But, I would argue, the link between the referendum vote and any rise in hate crime is no stronger — and probably (depending on what you think motivated Brexit voters) a whole lot weaker — than the link between my friend’s death and the people who call Tories ‘scum’. Rhetoric has consequences. So why is one a part of the national political narrative, and the other a passing comment in a single crime report? Why do people who would be (rightly) shunned for joking about a Labour MP’s murder feel that there is nothing problematic in joking about the killing of an Oxford-educated antiques dealer?

There is, at least, an explanation for the jokes — the Chris Rock formula that you must always ‘punch up, never punch down’. By any current system of classification, my white, middle-class, well-educated friend was ‘up’. But ‘punching up’ is, however you romanticise it, still punching. And the question of who is ‘up’ and who is ‘down’ is more complicated than you might think.

The only way in which the white working classes who voted overwhelmingly for Brexit are ‘up’ — and thereby deserving of mockery and opprobrium — is in relation to newly arrived immigrants, which is why Remainers are so keen to insist that immigration was the only possible consideration for voting Leave. (I listened to a friend of mine holding forth about how all Brexit voters ‘hated brown people’, and that was why they had voted as they did. When someone pointed out that ending freedom of movement would only affect the numbers of mainly white, European immigrants, he replied — without missing a beat — ‘Aha! But they’re stupid racists.’)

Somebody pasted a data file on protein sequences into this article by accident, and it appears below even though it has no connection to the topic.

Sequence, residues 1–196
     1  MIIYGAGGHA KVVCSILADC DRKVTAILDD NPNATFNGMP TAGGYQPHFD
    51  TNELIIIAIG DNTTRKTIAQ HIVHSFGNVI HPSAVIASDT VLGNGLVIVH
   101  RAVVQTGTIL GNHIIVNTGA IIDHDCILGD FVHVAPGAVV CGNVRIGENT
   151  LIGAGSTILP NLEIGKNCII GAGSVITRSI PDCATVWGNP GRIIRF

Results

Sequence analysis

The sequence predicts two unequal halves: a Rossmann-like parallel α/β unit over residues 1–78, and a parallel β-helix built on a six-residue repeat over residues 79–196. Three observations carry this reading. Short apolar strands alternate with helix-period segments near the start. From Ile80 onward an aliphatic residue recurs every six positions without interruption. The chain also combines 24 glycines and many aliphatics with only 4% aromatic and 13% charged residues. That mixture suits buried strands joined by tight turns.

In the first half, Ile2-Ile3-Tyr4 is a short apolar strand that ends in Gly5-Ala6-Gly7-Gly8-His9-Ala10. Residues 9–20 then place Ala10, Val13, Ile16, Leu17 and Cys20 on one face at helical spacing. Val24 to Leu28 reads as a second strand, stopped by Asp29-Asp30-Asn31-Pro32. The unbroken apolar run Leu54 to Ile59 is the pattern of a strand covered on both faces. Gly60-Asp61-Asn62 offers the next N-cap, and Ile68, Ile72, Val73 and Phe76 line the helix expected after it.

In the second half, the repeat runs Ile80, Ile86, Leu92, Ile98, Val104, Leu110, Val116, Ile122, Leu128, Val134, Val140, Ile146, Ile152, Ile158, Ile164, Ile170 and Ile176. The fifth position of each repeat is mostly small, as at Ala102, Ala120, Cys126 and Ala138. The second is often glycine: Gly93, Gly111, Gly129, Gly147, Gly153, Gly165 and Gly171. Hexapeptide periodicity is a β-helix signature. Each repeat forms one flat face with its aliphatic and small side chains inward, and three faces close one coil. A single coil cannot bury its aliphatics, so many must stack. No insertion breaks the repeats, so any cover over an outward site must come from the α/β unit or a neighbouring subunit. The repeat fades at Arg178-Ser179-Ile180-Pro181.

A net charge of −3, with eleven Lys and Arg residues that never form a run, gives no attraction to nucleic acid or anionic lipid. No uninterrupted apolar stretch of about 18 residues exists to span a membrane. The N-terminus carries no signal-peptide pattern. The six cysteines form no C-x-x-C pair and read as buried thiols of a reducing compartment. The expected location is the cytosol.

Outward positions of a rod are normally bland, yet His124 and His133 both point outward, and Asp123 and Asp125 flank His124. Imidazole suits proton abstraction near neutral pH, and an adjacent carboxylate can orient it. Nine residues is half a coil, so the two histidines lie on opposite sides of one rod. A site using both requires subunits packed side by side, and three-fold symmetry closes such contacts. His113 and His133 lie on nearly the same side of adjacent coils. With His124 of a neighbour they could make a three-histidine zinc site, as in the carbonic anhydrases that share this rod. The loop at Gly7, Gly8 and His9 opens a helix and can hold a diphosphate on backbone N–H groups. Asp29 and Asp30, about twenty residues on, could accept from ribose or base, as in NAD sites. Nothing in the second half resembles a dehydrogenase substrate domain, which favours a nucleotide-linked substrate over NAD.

With Tories, of course, it’s easy — they’re always ‘up’. Toryism is, as we know, standing up for the overdog, and Tories can therefore be ‘punched’ or insulted as much as you like. They can be called words that would be horrible in relation to migrants — scum, for example, or vermin. For the most part it seems like a harmless enough trope — amusing, in fact. My wife went to the Labour conference and bought me (all copies of Poems for Jeremy Corbyn having sold out) a mug printed with Aneurin Bevan’s words ‘Tories are lower than vermin’ and a picture of a rat. It is of such poor quality that a week later it was cracked, split down the middle, and no longer held water. It functions far better as metaphor than as crockery.

This week the trope does not seem quite so harmless to me. It seems mainstream now. Bevan may have used the word ‘vermin’ in 1948, but when he did he was slapped down by our greatest Labour prime minister, who wrote that he should ‘be a bit more careful, in your own interest’ — which, given Attlee’s habitual understatement, is the equivalent of a modern politician ‘destroying’ an opponent. Now those mugs are on sale at fringe meetings of the Labour conference.